Wilson (OB:WILS) shares have had a really impressive month, gaining 31%, after some slippage. The full year gain of 24% is pretty reasonable, too.
All else being equal, a sharp share price increase should make a stock less attractive to potential investors. While the market sentiment towards a stock is very changeable, in the long run, the share price will tend to move in the same direction as earnings per share. So some would prefer to hold off buying when there is a lot of optimism towards a stock. Perhaps the simplest way to get a read on investors’ expectations of a business is to look at its Price to Earnings Ratio (PE Ratio). A high P/E ratio means that investors have a high expectation about future growth, while a low P/E ratio means they have low expectations about future growth.
How Does Wilson’s P/E Ratio Compare To Its Peers?
Wilson’s P/E is 10.97. The image below shows that Wilson has a P/E ratio that is roughly in line with the shipping industry average (11.0).
That indicates that the market expects Wilson will perform roughly in line with other companies in its industry. The company could surprise by performing better than average, in the future. Checking factors such as director buying and selling. could help you form your own view on if that will happen.
How Growth Rates Impact P/E Ratios
Earnings growth rates have a big influence on P/E ratios. Earnings growth means that in the future the ‘E’ will be higher. Therefore, even if you pay a high multiple of earnings now, that multiple will become lower in the future. And as that P/E ratio drops, the company will look cheap, unless its share price increases.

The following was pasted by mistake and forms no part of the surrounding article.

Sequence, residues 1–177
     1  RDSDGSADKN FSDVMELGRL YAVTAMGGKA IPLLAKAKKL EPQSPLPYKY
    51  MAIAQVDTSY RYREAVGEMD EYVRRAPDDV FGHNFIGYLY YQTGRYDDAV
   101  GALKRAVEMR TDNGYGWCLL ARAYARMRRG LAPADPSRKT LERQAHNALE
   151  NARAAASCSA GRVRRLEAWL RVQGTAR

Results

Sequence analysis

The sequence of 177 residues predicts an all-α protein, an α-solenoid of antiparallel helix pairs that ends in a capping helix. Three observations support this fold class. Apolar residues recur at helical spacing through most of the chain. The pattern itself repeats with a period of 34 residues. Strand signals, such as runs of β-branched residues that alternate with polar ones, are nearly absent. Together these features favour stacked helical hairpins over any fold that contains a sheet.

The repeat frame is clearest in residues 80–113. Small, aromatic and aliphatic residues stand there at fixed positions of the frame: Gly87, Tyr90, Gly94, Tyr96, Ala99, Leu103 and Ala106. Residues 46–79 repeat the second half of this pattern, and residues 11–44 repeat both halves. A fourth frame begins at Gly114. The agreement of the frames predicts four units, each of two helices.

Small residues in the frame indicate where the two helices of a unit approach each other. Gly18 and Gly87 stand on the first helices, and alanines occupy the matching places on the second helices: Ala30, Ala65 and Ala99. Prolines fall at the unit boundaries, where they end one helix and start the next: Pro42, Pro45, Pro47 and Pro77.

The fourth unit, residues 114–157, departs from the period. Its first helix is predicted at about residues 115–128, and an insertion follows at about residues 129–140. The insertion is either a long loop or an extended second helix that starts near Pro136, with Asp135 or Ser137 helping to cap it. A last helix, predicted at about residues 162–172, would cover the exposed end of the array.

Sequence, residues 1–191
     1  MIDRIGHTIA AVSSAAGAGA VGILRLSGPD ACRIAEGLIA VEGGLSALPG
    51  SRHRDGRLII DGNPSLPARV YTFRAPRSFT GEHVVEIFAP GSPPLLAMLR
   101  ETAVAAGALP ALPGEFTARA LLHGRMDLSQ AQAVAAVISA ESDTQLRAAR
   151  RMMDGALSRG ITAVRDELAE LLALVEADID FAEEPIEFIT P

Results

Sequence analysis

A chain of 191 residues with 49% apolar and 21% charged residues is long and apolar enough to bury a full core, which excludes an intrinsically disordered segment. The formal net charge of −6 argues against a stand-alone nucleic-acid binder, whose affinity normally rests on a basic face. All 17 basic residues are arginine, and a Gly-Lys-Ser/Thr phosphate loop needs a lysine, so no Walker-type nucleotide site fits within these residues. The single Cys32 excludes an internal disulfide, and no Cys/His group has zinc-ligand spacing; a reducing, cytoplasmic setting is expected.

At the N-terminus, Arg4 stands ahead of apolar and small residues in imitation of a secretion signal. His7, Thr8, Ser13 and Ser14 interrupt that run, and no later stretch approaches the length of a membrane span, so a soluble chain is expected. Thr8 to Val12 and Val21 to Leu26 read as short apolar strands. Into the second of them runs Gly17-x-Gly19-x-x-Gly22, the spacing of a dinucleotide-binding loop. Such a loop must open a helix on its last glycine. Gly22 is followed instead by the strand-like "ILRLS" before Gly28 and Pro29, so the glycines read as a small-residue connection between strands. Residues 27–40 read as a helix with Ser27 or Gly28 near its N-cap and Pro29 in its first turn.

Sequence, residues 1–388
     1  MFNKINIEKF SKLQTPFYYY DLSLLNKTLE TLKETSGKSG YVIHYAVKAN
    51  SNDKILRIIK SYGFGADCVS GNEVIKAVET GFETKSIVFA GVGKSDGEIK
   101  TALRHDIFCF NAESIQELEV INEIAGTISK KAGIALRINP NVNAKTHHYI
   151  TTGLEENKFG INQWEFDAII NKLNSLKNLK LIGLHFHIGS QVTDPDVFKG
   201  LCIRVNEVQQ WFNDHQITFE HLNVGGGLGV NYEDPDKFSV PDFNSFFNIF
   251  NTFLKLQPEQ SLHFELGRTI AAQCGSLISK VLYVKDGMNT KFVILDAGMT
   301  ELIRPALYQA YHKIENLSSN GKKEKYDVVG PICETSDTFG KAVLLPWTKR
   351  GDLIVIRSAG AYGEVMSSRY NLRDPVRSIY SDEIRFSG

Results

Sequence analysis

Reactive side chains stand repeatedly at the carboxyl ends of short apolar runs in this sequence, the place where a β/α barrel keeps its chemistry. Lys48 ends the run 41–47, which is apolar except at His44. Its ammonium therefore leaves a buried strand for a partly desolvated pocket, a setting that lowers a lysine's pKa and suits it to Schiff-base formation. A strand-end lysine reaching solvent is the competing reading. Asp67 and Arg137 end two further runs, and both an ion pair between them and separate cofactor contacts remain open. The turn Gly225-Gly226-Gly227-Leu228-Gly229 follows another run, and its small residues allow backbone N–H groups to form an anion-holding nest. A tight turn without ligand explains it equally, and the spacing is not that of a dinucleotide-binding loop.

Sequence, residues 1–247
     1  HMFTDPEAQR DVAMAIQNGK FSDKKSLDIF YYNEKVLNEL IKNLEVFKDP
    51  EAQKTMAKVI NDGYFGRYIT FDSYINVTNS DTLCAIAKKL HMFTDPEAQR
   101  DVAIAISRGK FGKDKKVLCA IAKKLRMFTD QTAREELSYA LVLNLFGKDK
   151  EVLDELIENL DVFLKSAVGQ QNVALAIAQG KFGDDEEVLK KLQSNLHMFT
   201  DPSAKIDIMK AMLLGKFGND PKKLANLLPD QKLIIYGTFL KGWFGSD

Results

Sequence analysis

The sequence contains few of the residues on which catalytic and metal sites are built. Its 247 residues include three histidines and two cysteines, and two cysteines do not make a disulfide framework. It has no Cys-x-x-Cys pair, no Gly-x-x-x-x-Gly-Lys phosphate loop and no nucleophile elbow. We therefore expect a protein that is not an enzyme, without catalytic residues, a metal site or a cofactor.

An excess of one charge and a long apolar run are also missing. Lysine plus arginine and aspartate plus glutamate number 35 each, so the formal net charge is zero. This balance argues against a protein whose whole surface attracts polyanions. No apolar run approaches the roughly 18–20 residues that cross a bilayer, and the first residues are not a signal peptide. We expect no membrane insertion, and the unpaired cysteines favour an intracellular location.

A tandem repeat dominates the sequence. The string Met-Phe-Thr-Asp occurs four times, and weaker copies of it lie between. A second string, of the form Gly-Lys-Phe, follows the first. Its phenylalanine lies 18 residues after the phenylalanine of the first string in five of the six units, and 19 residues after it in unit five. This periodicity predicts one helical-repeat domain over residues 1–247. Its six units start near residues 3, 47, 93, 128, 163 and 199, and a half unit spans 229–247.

Wilson shrunk earnings per share by 10% over the last year. And it has shrunk its earnings per share by 3.0% per year over the last five years. This growth rate might warrant a below average P/E ratio.
A Limitation: P/E Ratios Ignore Debt and Cash In The Bank
Don’t forget that the P/E ratio considers market capitalization. In other words, it does not consider any debt or cash that the company may have on the balance sheet. Theoretically, a business can improve its earnings (and produce a lower P/E in the future) by investing in growth. That means taking on debt (or spending its cash).
Spending on growth might be good or bad a few years later, but the point is that the P/E ratio does not account for the option (or lack thereof).
Wilson’s Balance Sheet
Net debt totals a substantial 101% of Wilson’s market cap. If you want to compare its P/E ratio to other companies, you must keep in mind that these debt levels would usually warrant a relatively low P/E.
The Verdict On Wilson’s P/E Ratio
Wilson’s P/E is 11.0 which is below average (13.8) in the NO market. Given meaningful debt, and a lack of recent growth, the market looks to be extrapolating this recent performance; reflecting low expectations for the future. What we know for sure is that investors have become more excited about Wilson recently, since they have pushed its P/E ratio from 8.4 to 11.0 over the last month. For those who prefer to invest with the flow of momentum, that might mean it’s time to put the stock on a watchlist, or research it. But the contrarian may see it as a missed opportunity.
Investors should be looking to buy stocks that the market is wrong about. If it is underestimating a company, investors can make money by buying and holding the shares until the market corrects itself. We don’t have analyst forecasts, but you might want to assess this data-rich visualization of earnings, revenue and cash flow.
But note: Wilson may not be the best stock to buy. So take a peek at this free list of interesting companies with strong recent earnings growth (and a P/E ratio below 20).
If you spot an error that warrants correction, please contact the editor at email@example.com. This article by Simply Wall St is general in nature. It does not constitute a recommendation to buy or sell any stock, and does not take account of your objectives, or your financial situation. Simply Wall St has no position in the stocks mentioned.
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